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The purchase of the former firehouse on Corry Street by locally based comedian Dave Chappelle's company, Iron Table Holdings is set to close March 15. The sale was facilitated by the Yellow Springs Development Corporation. (YS News archive photo by Matt Minde)

YS Development Corporation— Goals, behavior discussed

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Where should the Yellow Springs Development Corporation, or YSDC, put its focus and energy in the coming year, and what are appropriate matters for the group to consider?

Members of the quasi-governmental economic development group spent the majority of their last regular meeting, Tuesday, Feb. 2, discussing the organization’s purposes and goals as well as expectations for the content of group discussions.

The goalsetting was a planned part of the agenda, but the conversation about expectations was added as “new business,” in response to a discussion during the January meeting in which Marianne MacQueen made comments deemed inappropriate by other YSDC members.

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MacQueen had, in January, raised concerns about the purchase of the former firehouse on Corry Street by locally based comedian Dave Chappelle’s company, Iron Table Holdings. The YSDC facilitated the sale, which is due to close March 15. MacQueen was the only person among the group’s 10 voting members to vote against selling the property to Chappelle, who plans to turn the building into a comedy club and restaurant. One member abstained because of a conflict of interest.

During the January meeting, MacQueen noted that Chappelle, who has a large fan base across the country, has in the last couple of years purchased multiple properties in the local central business district, and that the anticipated use of several of those properties has yet to be made public. She said she feared that the community is evolving into a destination for the upper-middle class, and the character of life in the village may change in unintentionally detrimental ways.

After an article in the YS News detailed the January meeting discussion, YSDC President Lisa Abel wrote a letter to the editor expressing the belief that comments made by a member during that discussion had been inappropriate, though she did not name the individual.

“While this conversation was redirected, it is not within the scope or responsibility of the YSDC board to publicly comment on the assets of a community member when those assets are not included in the work before us,” she wrote. “And any commentary on diversity, racial equity, economic class, sexual orientation, religious affiliation, etc., should be relevant to and in context with the mission and goals of our organization.”

Abel shared portions of the letter, which appeared in the Feb. 4 News, during the group’s meeting earlier that week, stating that her intention in writing it was to spell out publicly the responsibilities of YSDC members. In bringing it to the group, she said she wanted “to make sure we’re on the same page with relevance to our discussions and brainstorming.”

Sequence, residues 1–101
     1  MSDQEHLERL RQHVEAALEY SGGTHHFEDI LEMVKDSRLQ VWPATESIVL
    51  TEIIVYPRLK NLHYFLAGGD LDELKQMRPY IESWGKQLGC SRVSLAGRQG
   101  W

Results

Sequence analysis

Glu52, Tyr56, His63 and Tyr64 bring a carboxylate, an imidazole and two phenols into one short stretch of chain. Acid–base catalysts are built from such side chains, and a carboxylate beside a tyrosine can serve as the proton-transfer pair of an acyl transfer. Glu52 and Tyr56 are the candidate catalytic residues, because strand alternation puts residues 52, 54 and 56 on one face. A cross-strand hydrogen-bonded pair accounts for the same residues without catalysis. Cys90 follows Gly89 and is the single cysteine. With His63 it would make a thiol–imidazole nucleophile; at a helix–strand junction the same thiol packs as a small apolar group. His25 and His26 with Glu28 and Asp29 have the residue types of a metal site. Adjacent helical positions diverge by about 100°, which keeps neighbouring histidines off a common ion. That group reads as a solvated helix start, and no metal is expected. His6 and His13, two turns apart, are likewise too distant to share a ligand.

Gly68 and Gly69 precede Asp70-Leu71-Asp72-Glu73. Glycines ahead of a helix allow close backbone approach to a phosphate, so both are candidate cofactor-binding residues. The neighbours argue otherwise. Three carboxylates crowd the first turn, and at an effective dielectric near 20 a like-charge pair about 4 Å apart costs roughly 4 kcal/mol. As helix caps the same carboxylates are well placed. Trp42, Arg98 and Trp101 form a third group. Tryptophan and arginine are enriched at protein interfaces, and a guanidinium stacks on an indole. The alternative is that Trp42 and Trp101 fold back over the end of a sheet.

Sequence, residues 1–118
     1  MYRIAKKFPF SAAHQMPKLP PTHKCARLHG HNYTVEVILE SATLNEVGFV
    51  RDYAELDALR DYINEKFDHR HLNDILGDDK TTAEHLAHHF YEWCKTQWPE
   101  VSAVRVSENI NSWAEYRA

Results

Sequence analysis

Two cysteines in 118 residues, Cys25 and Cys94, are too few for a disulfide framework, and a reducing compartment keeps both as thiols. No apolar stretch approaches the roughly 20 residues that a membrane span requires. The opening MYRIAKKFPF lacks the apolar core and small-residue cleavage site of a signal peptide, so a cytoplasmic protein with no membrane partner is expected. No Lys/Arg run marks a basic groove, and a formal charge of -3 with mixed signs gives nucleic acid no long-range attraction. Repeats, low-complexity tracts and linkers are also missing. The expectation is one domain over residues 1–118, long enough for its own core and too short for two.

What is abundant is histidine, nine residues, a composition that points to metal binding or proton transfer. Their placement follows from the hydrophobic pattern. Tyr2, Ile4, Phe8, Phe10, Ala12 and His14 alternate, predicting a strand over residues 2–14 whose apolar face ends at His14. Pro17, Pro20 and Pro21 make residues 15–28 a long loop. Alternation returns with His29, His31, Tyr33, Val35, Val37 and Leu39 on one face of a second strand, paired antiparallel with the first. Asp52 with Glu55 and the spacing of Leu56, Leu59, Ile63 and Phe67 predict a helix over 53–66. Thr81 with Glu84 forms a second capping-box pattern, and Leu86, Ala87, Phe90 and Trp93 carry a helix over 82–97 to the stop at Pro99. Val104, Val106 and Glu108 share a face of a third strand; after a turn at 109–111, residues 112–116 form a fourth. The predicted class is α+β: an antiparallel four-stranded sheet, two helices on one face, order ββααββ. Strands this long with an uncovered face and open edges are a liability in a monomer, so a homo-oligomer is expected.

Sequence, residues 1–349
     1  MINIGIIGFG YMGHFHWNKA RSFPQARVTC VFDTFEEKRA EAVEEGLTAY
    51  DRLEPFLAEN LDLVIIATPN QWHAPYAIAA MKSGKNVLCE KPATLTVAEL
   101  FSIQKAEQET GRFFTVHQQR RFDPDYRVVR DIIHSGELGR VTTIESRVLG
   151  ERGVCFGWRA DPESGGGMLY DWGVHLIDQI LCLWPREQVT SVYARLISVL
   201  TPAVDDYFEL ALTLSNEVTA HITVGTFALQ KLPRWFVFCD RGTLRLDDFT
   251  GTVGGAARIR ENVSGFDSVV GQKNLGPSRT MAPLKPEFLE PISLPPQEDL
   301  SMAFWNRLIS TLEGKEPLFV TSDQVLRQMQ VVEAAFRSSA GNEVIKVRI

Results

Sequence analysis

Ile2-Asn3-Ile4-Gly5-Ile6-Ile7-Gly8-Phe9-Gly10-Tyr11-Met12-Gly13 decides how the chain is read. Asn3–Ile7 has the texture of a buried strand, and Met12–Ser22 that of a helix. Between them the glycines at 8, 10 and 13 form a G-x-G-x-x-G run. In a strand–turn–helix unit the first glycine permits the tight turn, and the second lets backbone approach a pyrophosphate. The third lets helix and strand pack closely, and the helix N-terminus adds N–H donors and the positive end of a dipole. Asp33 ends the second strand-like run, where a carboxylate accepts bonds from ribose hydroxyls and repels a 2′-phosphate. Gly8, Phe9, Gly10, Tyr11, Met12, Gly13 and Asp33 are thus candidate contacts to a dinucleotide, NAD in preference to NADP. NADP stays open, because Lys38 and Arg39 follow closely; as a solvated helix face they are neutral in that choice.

Members Lisa Kreeger and Steve Conn both spoke in favor of the letter’s contents, expressing discomfort with comments made during the January meeting.

MacQueen, however, said her concerns remain.

“I believe [the purpose of the YSDC] is to help create a robust and diverse economy” in Yellow Springs, she said. “Given that we are a very small village and have a small downtown, when a single person buys [multiple properties], that is something that should be of concern for our organization.”

Such accumulation of holdings should be considered when the YSDC sells a property, she asserted.

“I’m very concerned about this, and there are many others in the community [who are also concerned],” MacQueen said.

Conn, one of two YSDC representatives appointed by the school board, disagreed with the appropriateness of such considerations.

“Our charge is to deal with projects that are before us,” he said. Discussion outside that scope is “out of bounds to me. In a sense we were making [personal] value judgments.”

Kreeger, who like MacQueen serves on the YSDC as a representative of Village Council, noted that there is precedent for individuals owning multiple properties in the village.

“That’s just the nature of acquisition,” she said.

She added that if there had been an equally favorable proposal for the firehouse site, then other factors, such as a potential buyer’s additional holdings, may have been considered.

“There was no comparison,” Kreeger said of the other proposals.

The YSDC has said that it received six proposals for the site, and considered three of them to be viable. Consideration of the proposals was done in executive session, and none of the losing proposals have  been made public.

Abel’s letter to the News also included the statement that YSDC “voting members should be representing the interests of their respective organizations, not their own personal views or opinions.”

Don Hollister, a Miami Township Trustee who, with resident Corrie Van Ausdal, represents the township on the YSDC board, said he had qualms about that ideal.

“I don’t check with my colleagues [in the Township] on all my votes,” Hollister said.  “And Corrie doesn’t ask me how she should vote.”

He said that an issue might arise where they felt led to consult with the other Trustees, but “legally, she’s not bound and neither am I.”

Kreeger said that what Hollister said was true, but she always feels “compelled” to align her decisions with Village goals.